3. 3. 3 | P a g e 1. The nature of the acquisition of the property; 2. The frequency and continuity of sales over an extended period; 3. The nature and the extent of the taxpayer's business; 4. The activity of the seller regarding the property; and 5. The extent and substantiality of the transactions. The Court in the Pool case considered the Pritchett factors in deciding for the IRS, as follows: Nature of Acquisition: The IRS contended that the taxpayer acquired the land to subdivide and sell to customers. In fact, the taxpayer listed its business activity as “development” on its tax return in an earlier year. In addition, the taxpayer did not have any evidence that it changed its intention from development to investment during the time the land was held. The court agreed with the IRS on this and concluded the taxpayer failed to show that it held the land for investment. Frequency and Continuity of Sales: Frequent and substantial sales of real property typically indicate a sale in the ordinary course of a trade of business. The Court found that the record was not clear as to the frequency and substantiality of the sales. Therefore, the court decided that the taxpayer failed to show that its sales were not frequent or substantial. Nature and Extent of Business: The Court found that the taxpayer’s activities during the time the real property was held was consistent with a developer as opposed to an investor. The taxpayer was obligated to make water and wastewater improvements, brokered the land deals, and found additional investors. The Court held that the development activity was sufficient to conclude the property was held as inventory. Activity of the Seller Regarding the Property: The Court felt that the taxpayer was unable to show that it did not spend large amounts of time participating in the sales of the property. In fact, there were 81 purchasers of portions of the property. One key fact was that a development-related company, with identical ownership, was the other party in parts of these transactions. Extent and Substantiality of the Transaction: The Court found that the development company acquired the land from the taxpayer at an inflated price (presumably in an attempt to maximize capital gain and reduce ordinary income). The Court did not have an issue with the identical ownership; rather, the Court took exception with the lack of any evidence supporting a bona fide, arms-length transaction. You often hear of court cases where bad facts make bad law. Sometimes, no facts can also make bad law. The Pool case had both. Either the facts presented did not support the taxpayer’s position or the taxpayer was unable to produce facts that rebutted the IRS’s determinations. In many of these types of taxpayer situations, there likely are some factors that favor an investment motive while other factors favor a trade or business motive. Taxpayers and advisors can learn from cases like Pool and Pritchett and structure their dealings to tip the scale towards the desired result. All of that structuring may be meaningless, however, if the taxpayer doesn’t contemporaneously document facts that support the position. Ultimately, the taxpayer has the burden of proving the Government’s determinations to be incorrect, and a failure of evidence may be as costly as bad facts. If you have concerns about your status as a dealer or investor, consult your local CBIZ MHM tax professional.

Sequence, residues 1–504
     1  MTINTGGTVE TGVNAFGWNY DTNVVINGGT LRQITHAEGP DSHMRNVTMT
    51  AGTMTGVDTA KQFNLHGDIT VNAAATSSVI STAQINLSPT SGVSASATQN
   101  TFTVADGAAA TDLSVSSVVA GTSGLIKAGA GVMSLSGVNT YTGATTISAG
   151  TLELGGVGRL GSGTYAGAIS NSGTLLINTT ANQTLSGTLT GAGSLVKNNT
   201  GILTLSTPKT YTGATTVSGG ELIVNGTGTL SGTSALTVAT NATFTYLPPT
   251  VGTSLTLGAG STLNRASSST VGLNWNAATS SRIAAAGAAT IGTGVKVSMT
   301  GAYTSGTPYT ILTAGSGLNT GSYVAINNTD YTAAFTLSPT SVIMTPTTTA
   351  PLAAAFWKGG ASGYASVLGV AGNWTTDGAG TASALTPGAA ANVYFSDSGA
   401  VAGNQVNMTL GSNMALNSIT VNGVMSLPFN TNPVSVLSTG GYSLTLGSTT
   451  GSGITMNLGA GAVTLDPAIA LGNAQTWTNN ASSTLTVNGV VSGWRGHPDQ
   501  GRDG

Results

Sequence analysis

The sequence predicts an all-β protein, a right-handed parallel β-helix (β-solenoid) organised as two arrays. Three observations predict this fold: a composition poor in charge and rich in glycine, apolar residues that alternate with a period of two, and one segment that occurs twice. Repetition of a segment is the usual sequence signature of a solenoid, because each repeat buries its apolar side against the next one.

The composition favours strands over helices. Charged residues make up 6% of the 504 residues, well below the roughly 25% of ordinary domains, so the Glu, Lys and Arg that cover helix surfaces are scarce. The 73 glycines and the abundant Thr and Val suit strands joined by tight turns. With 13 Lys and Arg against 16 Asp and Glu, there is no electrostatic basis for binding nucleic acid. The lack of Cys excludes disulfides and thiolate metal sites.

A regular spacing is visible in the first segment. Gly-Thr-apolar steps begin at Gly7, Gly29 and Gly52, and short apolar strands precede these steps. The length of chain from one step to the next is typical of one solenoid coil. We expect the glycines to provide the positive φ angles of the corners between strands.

4. 4. 4 | P a g e Return to Top Copyright © 2014, CBIZ, Inc. All rights reserved. Contents of this publication may not be reproduced without the express written consent of CBIZ. To ensure compliance with requirements imposed by the IRS, we inform you that—unless specifically indicated otherwise—any tax advice in this communication is not written with the intent that it be used, and in fact it cannot be used, to avoid penalties under the Internal Revenue Code, or to promote, market, or recommend to another person any tax related matter. This publication is distributed with the understanding that CBIZ is not rendering legal, accounting or other professional advice. The reader is advised to contact a tax professional prior to taking any action based upon this information. CBIZ assumes no liability whatsoever in connection with the use of this information and assumes no obligation to inform the reader of any changes in tax laws or other factors that could affect the information contained herein. CBIZ MHM is the brand name for CBIZ MHM, LLC and other Financial Services subsidiaries of CBIZ, Inc. (NYSE: CBZ) that provide tax, financial advisory and consulting services to individuals, tax-exempt organizations and a wide range of publicly-traded and privately-held companies.

×